ACR Stays Neutral on Bill Granting Medicare Coverage for Radiology Assistant Services in All Settings
By Marty Stempniak | August 26, 2021
The American College of Radiology said Wednesday that it plans to remain neutral on recently proposed legislation granting Medicare coverage for radiology assistants’ services in all healthcare settings.
U.S. Rep. Mike Doyle, D-Penn., first unveiled his Medicare Access to Radiology Care Act (MARCA) in June. It drew support at the time from radiologic technologists, who believe the bill could help free up physicians to focus on image interpretation and urgent cases. However, the ACR said it has heard varying opinions from members about the proposal and will neither support nor oppose it at this time.
The college’s board of chancellors plans to hold listening sessions and gather further feedback on the rule, including surveying stakeholders. Following receipt of a report, the American College of Radiology said it will consider lifting its neutral stance and issuing an official policy.
“The ACR continues to actively oppose imaging supervision or interpretation and any independent practice by nonphysician providers,” it said in a statement posted Aug. 25.
Rep. Doyle’s bill proposes to amend the Social Security Act and align federal payment policy for radiology assistants to match state licensure laws. Experts emphasized in June that MARCA would not reimburse radiology assistants independently from a radiologist-led care team, nor could assistants interpret images or practice independently. Its passage would ensure reimbursement for imaging services that include an assistant’s contribution, whether delivered in a hospital, ambulatory surgery center or other facility. Sen. John Boozman, R-Ark., introduced similar legislation in the Senate on Aug. 5.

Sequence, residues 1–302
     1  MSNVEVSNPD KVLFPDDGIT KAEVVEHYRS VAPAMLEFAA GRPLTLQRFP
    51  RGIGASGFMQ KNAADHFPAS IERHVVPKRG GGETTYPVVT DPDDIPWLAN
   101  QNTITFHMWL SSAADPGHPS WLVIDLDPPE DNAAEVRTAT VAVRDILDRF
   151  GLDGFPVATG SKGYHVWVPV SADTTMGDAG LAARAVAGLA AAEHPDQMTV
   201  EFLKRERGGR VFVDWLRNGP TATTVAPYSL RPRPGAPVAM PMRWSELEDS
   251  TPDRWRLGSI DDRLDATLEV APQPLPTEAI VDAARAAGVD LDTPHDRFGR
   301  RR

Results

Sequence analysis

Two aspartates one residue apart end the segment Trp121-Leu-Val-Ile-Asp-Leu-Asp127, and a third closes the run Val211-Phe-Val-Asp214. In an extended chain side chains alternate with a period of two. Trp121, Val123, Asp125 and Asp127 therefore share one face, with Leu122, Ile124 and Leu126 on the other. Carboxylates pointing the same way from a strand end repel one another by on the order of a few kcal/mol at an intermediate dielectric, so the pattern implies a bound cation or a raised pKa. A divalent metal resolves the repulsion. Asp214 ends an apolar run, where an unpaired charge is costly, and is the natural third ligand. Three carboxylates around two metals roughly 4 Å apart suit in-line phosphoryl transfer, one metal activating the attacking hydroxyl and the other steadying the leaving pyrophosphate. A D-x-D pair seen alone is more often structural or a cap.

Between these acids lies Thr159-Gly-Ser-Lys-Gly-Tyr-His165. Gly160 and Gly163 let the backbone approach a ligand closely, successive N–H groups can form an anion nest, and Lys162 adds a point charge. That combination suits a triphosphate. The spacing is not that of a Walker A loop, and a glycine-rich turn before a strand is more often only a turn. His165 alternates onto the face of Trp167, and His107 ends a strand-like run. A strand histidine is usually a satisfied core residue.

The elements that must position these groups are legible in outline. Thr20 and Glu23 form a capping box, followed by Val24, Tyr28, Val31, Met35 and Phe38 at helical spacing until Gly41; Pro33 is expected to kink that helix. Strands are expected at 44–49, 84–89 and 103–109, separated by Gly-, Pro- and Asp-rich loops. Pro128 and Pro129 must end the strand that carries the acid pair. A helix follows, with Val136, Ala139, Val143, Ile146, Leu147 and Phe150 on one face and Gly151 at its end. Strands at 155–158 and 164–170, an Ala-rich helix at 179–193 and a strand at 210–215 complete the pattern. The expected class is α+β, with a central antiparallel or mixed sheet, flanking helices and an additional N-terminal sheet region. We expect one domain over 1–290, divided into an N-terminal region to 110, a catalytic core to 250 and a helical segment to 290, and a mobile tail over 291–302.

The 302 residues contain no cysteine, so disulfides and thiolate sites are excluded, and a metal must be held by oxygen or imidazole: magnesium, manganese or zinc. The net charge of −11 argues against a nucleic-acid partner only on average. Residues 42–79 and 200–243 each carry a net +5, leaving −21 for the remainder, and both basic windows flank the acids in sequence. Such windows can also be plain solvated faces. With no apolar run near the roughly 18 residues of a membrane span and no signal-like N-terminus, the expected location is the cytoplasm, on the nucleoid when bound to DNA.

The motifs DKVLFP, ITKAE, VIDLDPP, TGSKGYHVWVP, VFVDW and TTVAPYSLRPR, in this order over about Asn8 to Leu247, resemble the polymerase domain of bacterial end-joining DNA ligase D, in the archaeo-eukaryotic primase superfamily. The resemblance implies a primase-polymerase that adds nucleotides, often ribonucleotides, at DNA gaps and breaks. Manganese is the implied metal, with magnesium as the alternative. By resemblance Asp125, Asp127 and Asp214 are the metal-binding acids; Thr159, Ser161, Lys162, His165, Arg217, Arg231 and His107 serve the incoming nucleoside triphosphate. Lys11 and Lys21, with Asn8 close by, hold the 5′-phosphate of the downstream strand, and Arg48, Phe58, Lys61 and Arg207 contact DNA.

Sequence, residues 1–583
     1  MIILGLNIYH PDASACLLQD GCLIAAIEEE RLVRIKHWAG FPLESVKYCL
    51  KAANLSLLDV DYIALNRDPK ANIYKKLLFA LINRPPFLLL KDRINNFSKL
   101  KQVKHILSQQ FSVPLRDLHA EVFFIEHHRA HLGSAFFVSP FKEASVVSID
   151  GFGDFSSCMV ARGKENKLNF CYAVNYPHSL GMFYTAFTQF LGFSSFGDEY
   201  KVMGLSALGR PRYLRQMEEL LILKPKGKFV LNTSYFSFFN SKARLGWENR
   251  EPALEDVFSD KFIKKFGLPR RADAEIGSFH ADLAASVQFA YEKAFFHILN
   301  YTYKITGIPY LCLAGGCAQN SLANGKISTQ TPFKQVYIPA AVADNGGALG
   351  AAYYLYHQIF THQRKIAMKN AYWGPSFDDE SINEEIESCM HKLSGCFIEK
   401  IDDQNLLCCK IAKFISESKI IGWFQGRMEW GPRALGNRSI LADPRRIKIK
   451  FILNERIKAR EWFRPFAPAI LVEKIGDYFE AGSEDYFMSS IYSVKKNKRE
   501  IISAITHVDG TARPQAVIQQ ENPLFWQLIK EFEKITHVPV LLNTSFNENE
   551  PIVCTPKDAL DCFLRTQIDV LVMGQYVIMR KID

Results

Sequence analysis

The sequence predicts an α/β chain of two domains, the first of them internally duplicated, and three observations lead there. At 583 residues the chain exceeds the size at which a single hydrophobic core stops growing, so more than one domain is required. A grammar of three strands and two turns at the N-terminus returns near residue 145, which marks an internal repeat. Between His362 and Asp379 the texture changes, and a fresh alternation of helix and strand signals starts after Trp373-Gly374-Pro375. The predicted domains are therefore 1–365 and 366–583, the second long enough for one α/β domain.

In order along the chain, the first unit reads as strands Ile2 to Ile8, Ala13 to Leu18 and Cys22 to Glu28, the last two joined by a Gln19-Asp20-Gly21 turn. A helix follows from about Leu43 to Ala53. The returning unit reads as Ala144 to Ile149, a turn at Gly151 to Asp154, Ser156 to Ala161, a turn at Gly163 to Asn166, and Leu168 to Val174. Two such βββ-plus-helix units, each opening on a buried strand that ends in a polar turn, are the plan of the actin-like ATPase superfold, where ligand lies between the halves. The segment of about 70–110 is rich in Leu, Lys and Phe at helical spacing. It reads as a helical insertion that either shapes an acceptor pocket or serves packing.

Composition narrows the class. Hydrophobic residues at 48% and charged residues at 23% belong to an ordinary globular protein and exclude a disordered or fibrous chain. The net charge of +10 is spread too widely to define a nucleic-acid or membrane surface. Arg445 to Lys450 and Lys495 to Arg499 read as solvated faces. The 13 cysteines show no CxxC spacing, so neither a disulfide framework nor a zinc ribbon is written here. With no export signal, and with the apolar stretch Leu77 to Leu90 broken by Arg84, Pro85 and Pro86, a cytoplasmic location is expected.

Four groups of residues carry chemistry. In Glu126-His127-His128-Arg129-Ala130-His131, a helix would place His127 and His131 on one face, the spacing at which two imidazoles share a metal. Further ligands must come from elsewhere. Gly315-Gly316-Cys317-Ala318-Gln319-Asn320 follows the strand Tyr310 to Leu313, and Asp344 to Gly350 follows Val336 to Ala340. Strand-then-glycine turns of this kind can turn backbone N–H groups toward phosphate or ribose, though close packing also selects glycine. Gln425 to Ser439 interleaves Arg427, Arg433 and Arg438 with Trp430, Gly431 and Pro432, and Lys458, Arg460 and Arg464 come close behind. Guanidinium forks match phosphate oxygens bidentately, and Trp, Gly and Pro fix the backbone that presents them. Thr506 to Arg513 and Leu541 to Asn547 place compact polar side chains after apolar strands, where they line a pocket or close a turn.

To read more, go to Radiology Business.
Payers, Patient Advocates Warn Against Overuse of Arbitration in Surprise Billing Disputes
By Jessie Hellmann | August 25, 2021
Patient advocates, unions and business groups are urging President Joe Biden’s administration to make clear that arbitration should only be used as a “last resort” in out-of-network billing disputes.
In a letter to HHS Secretary Xavier Becerra and other cabinet officers, AFL-CIO, the American Benefits Council and dozens of other groups representing large employers, union members and patients expressed concern that providers could abuse the arbitration process under the new surprise billing ban to inflate costs.
HHS is beginning to implement the No Surprises Act Congress passed last year. The department is currently ironing out the independent dispute resolution process that providers and payers can use to resolve disagreements over payments for out-of-network charges.
HHS issued an interim final rule last month banning surprise billing for emergency care, high cost-sharing for out-of-network services, out-of-network charges from ancillary providers such as anesthesiologists or assistant surgeons, and out-of-network charges from providers who don’t notify patients they are not in-network.
“The No Surprises Act was intended to reduce overall healthcare costs by correcting a longstanding market failure,” the groups wrote in the letter to Becerra, Treasury Secretary Janet Yellen and Labor Secretary Martin Walsh on Monday.
“Achieving this goal will require that [independent dispute resolution] is used as a limited, last resort for disputes that cannot be negotiated, rather than an avenue for inflating costs once the patient is taken out of the middle.”
The groups cited “rampant misuse” of the independent dispute resolution process under New Jersey’s, New York’s and Texas’s surprise billing laws, alleging that “out-of-network providers and private equity firms take advantage of [independent dispute resolution] to bolster their bottom lines at patients’ expense.”
To read more, go to Modern Healthcare.